, Volume 171, Issue 2, pp 173–178 | Cite as

Nicotine enhances responding with conditioned reinforcement

  • Peter Olausson
  • J. David Jentsch
  • Jane R. Taylor
Original Investigation



The mesolimbic dopamine system has been implicated in the primary reinforcing properties of drugs of abuse as well as in enhanced responding with conditioned reinforcement produced by psychomotor stimulant drugs. Despite clinical observations that nicotine self-administration (i.e. smoking) depends strongly upon conditioned reinforcement (i.e. cues support smoking behavior), little is known about whether nicotine directly affects motivational processes.


In these experiments, we investigated whether acute nicotine would influence responding with conditioned reinforcement and the degree to which pretreatment with the nicotinic acetylcholine receptor (nAChR) antagonist mecamylamine would modify any nicotine-induced behavioral effects.


After subjects had been trained to associate an initially neutral stimulus with water reward, they received acute nicotine (43,25–350 µg/kg SC; −5 min) or saline injections and were tested on the acquisition of a new response for conditioned reinforcement paradigm. In separate experiments, the effect of pretreatment with the nicotinic acetylcholine receptor antagonist mecamylamine (300 or 1000 µg/kg SC; −20 min) alone, or in combination with nicotine (350 µg/kg SC; −5 min), on conditioned reinforcement was also examined.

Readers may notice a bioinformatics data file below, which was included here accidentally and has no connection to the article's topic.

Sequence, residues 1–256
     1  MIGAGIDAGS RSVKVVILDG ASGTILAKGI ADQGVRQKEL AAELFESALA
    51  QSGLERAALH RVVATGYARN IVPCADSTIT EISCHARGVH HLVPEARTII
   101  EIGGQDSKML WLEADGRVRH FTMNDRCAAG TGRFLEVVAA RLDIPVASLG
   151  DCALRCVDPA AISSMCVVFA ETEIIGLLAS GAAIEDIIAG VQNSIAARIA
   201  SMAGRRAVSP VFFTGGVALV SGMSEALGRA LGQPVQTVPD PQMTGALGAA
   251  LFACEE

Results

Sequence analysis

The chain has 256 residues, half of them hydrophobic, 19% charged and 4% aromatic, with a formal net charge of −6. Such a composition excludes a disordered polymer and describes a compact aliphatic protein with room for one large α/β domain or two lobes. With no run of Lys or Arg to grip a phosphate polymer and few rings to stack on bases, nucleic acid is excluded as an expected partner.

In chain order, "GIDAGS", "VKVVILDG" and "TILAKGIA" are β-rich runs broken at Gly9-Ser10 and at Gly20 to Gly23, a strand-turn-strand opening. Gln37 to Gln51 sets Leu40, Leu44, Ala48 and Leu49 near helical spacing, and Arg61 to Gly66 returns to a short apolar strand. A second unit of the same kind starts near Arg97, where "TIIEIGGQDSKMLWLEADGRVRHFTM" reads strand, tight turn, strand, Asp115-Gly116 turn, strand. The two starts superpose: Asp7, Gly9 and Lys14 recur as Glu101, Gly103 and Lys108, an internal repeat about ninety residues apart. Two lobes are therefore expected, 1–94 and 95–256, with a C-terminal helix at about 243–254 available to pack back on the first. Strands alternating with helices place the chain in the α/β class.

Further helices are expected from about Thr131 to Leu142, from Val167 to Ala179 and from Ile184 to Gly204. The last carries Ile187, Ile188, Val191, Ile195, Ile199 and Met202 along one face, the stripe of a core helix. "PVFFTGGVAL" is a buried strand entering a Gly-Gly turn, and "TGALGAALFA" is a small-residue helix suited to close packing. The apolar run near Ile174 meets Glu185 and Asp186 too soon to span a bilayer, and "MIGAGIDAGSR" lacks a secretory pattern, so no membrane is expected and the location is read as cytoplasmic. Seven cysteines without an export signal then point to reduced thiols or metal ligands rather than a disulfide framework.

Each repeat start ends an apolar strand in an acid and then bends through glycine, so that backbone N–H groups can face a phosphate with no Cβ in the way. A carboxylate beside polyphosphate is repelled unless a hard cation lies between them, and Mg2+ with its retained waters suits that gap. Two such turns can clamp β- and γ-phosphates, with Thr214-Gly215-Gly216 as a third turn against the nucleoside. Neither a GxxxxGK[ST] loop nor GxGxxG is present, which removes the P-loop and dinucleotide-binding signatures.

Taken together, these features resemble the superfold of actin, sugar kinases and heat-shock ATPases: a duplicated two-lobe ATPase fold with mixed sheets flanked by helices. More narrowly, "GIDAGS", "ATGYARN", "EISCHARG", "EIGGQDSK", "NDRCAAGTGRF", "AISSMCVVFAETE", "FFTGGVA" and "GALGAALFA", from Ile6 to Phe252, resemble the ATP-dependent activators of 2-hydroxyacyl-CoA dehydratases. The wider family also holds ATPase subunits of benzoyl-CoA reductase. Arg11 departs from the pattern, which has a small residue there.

Acute nicotine injection produced a selective enhancement of responding with conditioned reinforcement (i.e. on the CR lever), without producing non-selective increases in overall responding. The effect of nicotine (350 µg/kg SC; −5 min) was selectively blocked by mecamylamine (300 µg/kg).


These findings demonstrate that acute exposure to nicotine augments the control over behavior by a conditioned reinforcer, suggesting that nicotine may enhance motivational processes.


Conditioned reinforcement Incentive motivation Nicotine Rat 



The authors gratefully acknowledge the valuable technical assistance of Ms. Victoria Stewart. The present study was supported by PHS grant (DA 11717) to J.R.T., a Fredrik & Inger Thuring's Foundation award to P.O. and a pilot project grant from the Yale TTURC (DA 13334) P.O. is the recipient of a post-doctoral fellowship from the Swedish Brain Foundation.


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Copyright information

© Springer-Verlag 2003

Authors and Affiliations

  • Peter Olausson
    • 1
  • J. David Jentsch
    • 1
    • 2
  • Jane R. Taylor
    • 1
  1. 1.Department of Psychiatry, Laboratory of Molecular PsychiatryYale UniversityNew HavenUSA
  2. 2.Department of PsychologyUCLALos AngelesUSA

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